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WWE Survivor Series 2015 - The 25th Anniversary of The Undertaker

Matthew Parkinson | 23 Nov 2015 05:00
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WWE World Heavyweight Championship Tournament Match (Semifinals)

Dean Ambrose
vs.
Kevin Owens


The Story: After Seth Rollins injured his knee during a WWE live event, the WWE World Heavyweight Championship had to be vacated. To determine who would win, a tournament was announced, with a grand total of 16 participants competing over the course of a couple of weeks. All but the semifinals and finals have already taken place, with all three of those matches scheduled for Survivor Series.

To get to this point, Dean Ambrose defeated Tyler Breeze and Dolph Ziggler, two men who are feuding with each other and have a match together later on in the show. Kevin Owens, meanwhile, defeated Titus O'Neil and Neville, two men who competed on the pre-show.

The Match: Despite the most obvious route of having Dean Ambrose win and having two former teammates and current friends face off in the finals, there did feel like a legitimate shot for Kevin Owens to pick up the victory. As a result, most of the match's near-falls had a sense of suspense to them. You could realistically see Kevin Owens picking up the victory, especially if you feel like Reigns is winning and needs another incredibly competitive match in order to get over with the fans.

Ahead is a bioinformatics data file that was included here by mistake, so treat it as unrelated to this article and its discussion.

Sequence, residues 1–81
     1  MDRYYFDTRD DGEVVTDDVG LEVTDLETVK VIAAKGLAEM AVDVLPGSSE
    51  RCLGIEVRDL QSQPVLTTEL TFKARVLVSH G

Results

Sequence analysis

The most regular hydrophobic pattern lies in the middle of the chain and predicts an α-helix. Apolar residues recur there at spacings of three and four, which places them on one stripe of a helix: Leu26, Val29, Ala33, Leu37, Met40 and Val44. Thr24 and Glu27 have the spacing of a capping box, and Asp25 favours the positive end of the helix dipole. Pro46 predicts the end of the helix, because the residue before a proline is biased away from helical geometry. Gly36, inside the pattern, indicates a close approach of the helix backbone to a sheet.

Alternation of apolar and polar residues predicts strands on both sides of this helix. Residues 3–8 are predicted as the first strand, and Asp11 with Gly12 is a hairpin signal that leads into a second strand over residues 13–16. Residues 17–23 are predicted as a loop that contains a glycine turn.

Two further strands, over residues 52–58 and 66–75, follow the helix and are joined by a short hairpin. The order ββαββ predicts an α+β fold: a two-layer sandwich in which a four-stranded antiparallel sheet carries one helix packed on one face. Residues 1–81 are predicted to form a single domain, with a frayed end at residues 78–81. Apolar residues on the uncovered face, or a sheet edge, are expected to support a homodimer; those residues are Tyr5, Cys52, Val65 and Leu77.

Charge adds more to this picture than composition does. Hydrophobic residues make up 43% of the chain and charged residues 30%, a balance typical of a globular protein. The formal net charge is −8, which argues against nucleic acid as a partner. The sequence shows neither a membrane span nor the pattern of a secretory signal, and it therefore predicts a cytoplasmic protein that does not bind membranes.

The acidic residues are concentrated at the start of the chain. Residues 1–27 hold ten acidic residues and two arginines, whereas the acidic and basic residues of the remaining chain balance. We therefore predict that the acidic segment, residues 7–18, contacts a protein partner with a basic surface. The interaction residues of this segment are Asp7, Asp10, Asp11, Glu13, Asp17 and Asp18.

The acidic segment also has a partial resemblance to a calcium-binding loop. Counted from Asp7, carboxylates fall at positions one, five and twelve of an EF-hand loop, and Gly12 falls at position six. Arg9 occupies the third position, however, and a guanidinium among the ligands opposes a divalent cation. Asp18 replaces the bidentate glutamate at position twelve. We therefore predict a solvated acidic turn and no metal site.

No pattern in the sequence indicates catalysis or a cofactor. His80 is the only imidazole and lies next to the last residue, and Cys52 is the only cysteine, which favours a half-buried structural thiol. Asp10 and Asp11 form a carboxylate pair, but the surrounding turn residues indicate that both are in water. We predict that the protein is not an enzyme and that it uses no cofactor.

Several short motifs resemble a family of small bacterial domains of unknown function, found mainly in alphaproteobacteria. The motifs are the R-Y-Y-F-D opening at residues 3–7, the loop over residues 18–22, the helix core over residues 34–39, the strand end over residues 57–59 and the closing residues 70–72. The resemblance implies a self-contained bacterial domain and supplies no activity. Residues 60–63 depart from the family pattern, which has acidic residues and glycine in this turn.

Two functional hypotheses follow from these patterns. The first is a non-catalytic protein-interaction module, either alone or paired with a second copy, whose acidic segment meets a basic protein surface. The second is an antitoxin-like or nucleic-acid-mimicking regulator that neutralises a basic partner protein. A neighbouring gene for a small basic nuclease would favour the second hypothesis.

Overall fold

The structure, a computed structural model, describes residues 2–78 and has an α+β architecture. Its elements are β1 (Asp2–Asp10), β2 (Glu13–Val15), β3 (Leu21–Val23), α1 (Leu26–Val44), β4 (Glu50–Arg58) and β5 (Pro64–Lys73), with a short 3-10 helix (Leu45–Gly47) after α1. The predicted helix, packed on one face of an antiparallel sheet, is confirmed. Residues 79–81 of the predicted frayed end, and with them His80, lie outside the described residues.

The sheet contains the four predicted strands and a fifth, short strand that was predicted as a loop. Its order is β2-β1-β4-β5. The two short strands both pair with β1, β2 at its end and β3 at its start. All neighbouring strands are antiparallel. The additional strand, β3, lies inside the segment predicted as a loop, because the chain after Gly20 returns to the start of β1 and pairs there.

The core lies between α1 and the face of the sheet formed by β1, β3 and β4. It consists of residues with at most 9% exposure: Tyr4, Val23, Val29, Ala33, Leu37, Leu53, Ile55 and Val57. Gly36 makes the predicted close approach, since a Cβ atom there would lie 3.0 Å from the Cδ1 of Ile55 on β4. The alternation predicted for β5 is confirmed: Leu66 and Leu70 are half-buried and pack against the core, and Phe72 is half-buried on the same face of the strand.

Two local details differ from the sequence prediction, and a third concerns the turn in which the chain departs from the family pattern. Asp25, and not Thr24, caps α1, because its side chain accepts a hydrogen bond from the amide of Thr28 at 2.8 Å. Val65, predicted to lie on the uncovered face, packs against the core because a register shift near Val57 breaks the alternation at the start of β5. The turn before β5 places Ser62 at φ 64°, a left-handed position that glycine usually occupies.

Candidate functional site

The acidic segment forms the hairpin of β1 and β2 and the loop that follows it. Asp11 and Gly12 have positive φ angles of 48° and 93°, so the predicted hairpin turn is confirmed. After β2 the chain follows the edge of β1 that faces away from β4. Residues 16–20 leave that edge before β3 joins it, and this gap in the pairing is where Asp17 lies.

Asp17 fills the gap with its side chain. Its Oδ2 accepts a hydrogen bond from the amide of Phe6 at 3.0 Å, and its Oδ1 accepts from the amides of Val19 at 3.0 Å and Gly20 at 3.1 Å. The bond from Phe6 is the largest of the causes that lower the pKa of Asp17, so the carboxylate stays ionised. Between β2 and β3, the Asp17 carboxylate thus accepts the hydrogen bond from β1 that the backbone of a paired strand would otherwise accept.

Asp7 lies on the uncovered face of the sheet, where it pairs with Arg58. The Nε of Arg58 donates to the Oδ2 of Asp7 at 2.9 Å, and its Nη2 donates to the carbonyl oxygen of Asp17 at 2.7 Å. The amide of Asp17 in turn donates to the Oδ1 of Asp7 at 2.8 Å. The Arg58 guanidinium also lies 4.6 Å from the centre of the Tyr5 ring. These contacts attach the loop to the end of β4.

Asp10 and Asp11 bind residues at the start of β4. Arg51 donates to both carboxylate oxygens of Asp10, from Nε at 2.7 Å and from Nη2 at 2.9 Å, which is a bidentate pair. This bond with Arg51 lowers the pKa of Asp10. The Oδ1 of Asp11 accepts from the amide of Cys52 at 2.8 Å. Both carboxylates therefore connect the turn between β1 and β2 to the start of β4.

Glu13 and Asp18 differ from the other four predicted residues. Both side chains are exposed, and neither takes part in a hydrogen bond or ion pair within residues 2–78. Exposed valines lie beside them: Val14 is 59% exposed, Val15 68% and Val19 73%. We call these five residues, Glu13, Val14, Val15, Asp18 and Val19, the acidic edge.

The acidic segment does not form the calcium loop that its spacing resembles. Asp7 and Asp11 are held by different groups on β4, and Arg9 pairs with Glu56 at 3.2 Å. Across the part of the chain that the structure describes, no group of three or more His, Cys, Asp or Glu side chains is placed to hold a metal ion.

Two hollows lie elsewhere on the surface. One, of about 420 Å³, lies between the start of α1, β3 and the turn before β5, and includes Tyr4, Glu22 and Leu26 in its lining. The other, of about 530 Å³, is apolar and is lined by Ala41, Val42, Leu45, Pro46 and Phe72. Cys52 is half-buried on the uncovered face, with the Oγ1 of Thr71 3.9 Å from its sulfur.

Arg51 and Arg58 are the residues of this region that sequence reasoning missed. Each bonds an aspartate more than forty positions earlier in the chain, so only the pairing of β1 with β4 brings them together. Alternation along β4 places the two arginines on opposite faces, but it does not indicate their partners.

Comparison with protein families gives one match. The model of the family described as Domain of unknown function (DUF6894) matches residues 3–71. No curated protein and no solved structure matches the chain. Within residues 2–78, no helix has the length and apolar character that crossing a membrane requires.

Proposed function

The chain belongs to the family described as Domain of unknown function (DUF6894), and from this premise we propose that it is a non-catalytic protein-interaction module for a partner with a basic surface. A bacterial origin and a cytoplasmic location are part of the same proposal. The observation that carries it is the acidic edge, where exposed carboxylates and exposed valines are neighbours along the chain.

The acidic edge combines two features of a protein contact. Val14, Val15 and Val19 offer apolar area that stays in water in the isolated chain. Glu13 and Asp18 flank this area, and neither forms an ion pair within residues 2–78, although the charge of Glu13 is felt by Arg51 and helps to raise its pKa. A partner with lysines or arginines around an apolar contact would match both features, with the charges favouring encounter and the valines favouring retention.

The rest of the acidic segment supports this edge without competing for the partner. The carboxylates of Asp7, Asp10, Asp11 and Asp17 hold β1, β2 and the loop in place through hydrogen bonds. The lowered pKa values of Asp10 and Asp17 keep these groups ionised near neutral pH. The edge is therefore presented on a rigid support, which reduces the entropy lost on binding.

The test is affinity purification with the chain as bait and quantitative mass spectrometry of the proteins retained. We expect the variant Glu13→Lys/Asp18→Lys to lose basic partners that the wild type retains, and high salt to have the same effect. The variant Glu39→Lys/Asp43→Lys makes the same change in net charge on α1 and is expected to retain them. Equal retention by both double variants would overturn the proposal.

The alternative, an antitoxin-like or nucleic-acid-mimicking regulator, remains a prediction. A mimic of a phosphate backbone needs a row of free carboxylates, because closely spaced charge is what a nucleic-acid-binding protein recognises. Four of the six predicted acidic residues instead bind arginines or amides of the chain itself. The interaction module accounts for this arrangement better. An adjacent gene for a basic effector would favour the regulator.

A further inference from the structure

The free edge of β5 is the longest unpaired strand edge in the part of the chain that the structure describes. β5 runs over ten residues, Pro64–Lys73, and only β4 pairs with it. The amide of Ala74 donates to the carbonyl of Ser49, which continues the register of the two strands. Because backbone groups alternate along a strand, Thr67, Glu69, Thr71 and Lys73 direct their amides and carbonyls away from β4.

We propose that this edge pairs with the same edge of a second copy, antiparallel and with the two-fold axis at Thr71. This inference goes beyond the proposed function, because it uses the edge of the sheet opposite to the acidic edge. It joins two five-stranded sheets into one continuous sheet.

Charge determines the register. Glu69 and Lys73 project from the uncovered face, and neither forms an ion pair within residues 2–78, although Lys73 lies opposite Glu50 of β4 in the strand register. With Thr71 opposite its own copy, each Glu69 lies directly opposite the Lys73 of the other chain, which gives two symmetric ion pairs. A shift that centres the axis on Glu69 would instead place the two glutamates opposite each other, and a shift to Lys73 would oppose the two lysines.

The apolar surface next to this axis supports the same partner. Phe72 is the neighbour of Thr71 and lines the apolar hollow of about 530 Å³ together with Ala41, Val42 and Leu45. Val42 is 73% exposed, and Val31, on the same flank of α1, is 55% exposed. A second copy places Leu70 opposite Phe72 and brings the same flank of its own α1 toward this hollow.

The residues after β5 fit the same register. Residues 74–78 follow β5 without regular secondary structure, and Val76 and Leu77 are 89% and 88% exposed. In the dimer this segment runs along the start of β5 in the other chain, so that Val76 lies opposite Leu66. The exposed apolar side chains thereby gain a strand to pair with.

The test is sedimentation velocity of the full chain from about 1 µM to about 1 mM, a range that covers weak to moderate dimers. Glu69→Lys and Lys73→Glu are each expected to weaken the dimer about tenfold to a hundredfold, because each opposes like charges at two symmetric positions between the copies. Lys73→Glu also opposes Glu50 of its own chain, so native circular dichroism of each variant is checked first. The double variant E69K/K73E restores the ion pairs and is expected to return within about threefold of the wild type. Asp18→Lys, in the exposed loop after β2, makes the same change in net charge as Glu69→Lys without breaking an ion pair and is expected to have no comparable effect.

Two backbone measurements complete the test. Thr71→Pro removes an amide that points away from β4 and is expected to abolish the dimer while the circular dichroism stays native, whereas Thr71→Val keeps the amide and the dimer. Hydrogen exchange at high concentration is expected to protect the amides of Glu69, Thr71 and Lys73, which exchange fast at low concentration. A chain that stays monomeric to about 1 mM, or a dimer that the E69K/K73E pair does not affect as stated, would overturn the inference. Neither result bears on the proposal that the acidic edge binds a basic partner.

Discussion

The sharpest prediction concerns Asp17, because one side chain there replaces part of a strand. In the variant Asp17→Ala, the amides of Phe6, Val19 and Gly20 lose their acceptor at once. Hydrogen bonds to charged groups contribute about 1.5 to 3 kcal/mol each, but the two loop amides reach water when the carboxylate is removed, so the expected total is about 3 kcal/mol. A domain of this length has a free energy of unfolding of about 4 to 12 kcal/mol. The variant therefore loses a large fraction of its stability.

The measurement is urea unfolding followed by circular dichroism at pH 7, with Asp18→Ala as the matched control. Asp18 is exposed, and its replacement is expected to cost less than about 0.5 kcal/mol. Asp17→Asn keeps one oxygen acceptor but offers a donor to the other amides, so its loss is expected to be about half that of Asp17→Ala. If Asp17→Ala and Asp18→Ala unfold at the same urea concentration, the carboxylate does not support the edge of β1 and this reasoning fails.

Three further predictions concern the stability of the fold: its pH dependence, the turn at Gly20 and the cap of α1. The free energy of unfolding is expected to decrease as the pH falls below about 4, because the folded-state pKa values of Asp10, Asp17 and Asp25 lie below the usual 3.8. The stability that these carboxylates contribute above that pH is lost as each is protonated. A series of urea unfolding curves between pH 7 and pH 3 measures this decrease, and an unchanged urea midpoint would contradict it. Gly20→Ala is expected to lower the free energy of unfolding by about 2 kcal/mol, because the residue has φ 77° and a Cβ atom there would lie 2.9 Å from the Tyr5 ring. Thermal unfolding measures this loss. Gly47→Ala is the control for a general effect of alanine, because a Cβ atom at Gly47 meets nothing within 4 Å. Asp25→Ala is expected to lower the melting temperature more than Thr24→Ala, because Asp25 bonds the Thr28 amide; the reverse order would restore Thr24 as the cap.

Owens and Ambrose are two of the best workers in the company right now, and, as a result, deliver the Match of the Night. Owens turns in the showier performance of the two, getting to hit a few moves we don't see too often, like a TKO, a diving moonsault(!), and a fisherman buster suplex(!!). Ambrose plays the gritty, never-give-up character, taking most of the punishment before coming back to pick up the win with Dirty Deeds.

The Winner: Dean Ambrose

Aftermath: Like the other semifinals match, what happens next is pretty obvious. Dean Ambrose gets to have another bout tonight, facing off against Roman Reigns in the finals. Meanwhile, Kevin Owens holds the Intercontinental Championship, another midcard belt, meaning whoever steps up to be the number one contender will feud with him. The result, once again, was the most logical, although both men would have come away looking strong regardless of who picked up the win.

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